Adults often hold children responsible for own feelings – an adult that is in any way irritated by a child’s behaviour, might automatically conclude that the child is at fault, rather than checking the background of their own feelings, or other possible causes of the child’s behaviour.
Many adults treat children without much respect, just because children are less experienced and have fewer ability to express themselves. Adults that communicate in a rough, cold and commanding way, even with a certain level of disregard towards children, are unfortunately still more common than ones who communicate with children as with equal human beings who are intelligent, valuable and capable to feel, although inexperienced.
Even accumulated experience does not necessary mean that adults are always right. This is more obvious when we look back into the past, when children's healthy behaviour and needs were opposed by cruel and rigid beliefs of adults – who, of course, assumed that they were right. Even today similar behaviour is common, although in subtler ways.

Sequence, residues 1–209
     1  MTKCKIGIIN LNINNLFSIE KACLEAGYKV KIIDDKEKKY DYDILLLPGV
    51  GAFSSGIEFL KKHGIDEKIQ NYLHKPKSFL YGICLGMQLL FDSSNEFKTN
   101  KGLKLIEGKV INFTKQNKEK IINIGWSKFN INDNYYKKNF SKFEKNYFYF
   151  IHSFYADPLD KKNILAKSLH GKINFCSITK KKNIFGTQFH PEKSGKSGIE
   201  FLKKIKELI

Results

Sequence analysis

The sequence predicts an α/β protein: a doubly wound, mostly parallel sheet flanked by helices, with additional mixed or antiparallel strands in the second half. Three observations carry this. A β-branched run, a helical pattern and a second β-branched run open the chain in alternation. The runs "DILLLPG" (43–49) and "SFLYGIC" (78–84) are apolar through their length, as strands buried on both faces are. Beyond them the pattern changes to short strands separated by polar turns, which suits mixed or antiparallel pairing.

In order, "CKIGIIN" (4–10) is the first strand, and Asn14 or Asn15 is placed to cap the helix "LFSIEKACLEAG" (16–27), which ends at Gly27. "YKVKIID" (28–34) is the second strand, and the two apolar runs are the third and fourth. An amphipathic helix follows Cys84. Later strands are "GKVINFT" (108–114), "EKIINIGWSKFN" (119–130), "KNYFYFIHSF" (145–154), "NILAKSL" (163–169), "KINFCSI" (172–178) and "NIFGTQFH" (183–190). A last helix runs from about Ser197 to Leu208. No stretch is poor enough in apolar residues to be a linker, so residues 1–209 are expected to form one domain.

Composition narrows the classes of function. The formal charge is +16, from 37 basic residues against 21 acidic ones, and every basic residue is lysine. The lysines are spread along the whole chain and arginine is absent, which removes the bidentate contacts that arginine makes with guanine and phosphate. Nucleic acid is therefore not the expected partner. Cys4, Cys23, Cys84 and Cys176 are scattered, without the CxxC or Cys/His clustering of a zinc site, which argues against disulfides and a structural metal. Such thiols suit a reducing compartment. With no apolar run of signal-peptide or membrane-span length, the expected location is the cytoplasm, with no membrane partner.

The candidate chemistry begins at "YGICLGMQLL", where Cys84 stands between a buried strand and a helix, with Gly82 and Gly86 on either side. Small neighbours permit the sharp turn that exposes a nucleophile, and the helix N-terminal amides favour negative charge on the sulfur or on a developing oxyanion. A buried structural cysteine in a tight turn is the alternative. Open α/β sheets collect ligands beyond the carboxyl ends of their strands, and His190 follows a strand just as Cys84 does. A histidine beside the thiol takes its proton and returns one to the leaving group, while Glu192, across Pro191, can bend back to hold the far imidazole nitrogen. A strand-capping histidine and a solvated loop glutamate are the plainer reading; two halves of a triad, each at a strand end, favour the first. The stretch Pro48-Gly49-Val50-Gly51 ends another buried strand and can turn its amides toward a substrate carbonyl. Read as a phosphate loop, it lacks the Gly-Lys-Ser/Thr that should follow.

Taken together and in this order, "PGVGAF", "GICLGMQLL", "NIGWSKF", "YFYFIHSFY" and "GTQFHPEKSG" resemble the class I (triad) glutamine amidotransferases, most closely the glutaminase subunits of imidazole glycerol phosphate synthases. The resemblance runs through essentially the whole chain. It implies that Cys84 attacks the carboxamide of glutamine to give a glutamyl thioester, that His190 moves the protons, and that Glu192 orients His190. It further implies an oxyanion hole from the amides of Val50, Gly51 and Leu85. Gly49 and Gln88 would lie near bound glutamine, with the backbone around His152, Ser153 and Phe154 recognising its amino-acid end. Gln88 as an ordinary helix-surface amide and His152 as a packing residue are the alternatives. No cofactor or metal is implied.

I think there is a difference between wisdom and “plain“, rational knowledge: wisdom is when emotions, experience and logical mind all cooperate in harmony. In this area, children may sometimes have an advantage over the adults, since they are much more spontaneous and allowing their feelings to flow. Their handicap is the inability to consider perspectives and information which can be acquired only through experience and learning. For children it's also much more difficult to find the right words to express themselves.